False Alarms Put Drain On Police Manpower

For years,  John Roberts' alarm system would activate for no reason. Alarm company owners say false alarms are mainly caused by user error and incorrect installation. Roberts' new alarm company found that to be the case with Roberts' alarm.

"I went through every inch of wiring in this house and found numerous places where they had just twisted the wire together and did not lock 'em in with a connector and that's a problem too," says alarm company owner John Stachura.

Most of the false alarms come from homes but Stachura says they can be verified before ever reaching the police department.

"Where you call the customer or the alarm monitoring company calls the customer, asks for a psssword. If that customer gives a password, that can cancel the alarm there," he says.

Stachura's company also gives alarm owners a few seconds to punch their code in the keypad to cancel the alarm. Law enforcers say not enough people do that, forcing officers to respond.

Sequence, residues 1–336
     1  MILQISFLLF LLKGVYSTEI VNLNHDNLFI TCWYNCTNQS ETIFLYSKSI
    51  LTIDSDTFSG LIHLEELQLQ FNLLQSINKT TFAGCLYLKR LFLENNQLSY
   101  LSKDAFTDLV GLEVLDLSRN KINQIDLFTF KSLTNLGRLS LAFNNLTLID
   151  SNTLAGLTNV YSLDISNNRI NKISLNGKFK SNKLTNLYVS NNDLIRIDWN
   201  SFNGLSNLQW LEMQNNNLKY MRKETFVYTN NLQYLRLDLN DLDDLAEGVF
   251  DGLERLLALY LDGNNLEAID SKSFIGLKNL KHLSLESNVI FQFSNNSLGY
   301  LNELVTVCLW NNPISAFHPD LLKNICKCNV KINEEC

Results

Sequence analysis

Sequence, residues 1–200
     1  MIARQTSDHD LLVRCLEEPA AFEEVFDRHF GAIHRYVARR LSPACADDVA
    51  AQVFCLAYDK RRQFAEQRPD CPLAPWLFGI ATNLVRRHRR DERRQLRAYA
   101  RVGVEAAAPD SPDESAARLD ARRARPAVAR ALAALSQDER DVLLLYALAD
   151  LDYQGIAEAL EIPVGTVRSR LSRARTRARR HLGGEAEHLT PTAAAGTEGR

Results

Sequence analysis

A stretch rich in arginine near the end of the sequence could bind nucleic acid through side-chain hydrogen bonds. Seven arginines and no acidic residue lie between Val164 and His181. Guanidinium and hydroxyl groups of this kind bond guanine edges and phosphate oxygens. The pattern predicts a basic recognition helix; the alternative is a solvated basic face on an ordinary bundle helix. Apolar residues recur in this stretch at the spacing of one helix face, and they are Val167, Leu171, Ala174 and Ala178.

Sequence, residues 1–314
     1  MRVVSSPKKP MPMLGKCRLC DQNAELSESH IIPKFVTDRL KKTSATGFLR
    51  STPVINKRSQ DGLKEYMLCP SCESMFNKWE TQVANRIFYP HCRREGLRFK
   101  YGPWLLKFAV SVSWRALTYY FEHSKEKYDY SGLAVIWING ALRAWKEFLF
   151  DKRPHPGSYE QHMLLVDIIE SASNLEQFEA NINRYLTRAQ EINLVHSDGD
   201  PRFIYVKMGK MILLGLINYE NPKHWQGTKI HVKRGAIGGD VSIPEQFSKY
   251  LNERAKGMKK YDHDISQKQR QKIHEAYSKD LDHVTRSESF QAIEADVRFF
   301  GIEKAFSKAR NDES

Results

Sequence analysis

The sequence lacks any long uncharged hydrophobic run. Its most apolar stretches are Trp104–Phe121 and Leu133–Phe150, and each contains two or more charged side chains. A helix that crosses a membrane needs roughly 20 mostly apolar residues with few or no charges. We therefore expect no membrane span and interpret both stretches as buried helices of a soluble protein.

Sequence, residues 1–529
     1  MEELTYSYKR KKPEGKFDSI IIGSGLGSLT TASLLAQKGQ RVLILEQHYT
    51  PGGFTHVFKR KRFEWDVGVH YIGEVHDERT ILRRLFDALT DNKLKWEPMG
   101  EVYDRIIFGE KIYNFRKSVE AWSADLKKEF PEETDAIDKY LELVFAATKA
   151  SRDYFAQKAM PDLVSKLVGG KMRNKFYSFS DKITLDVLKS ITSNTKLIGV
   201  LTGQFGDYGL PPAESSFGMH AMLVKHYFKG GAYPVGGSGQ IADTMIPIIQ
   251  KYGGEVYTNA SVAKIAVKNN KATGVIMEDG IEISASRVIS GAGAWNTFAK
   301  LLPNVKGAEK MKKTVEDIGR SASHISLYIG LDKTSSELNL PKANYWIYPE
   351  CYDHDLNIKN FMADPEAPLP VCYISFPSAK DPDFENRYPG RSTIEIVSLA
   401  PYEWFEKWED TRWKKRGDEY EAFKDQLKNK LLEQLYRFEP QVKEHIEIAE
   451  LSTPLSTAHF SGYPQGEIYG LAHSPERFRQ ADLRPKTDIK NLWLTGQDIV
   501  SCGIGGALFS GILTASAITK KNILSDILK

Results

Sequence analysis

"It cost manhours, it cost the taxpayers money. We ask the public to be more diligent when they set their alarms, check the alarms, have their alarm companies come back and check 'em to make sure that there's not faulty problems with the alarms," says Harrison County Sheriff George Payne.

Biloxi Police Spokesperson Jackie Rhodes says, "We respond to alarms each shift on a daily basis and the vast majority of them are false alarms. I can't recall an alarm that we responded to recently thht was anything but a false alarm."

Gulfport and Biloxi have ordinances that subject the owner to fines if a certain number of false alarms are reported. The sheriff says with all the growth in the county, he's considering asking the county supervisors to pass a similar law.

We checked with a couple of law enforcement agencies about their false alarm calls. Last year, Harrison County had 421 out of 437 calls. And in Long Beach 1,099 of the more than 1,100 calls were false.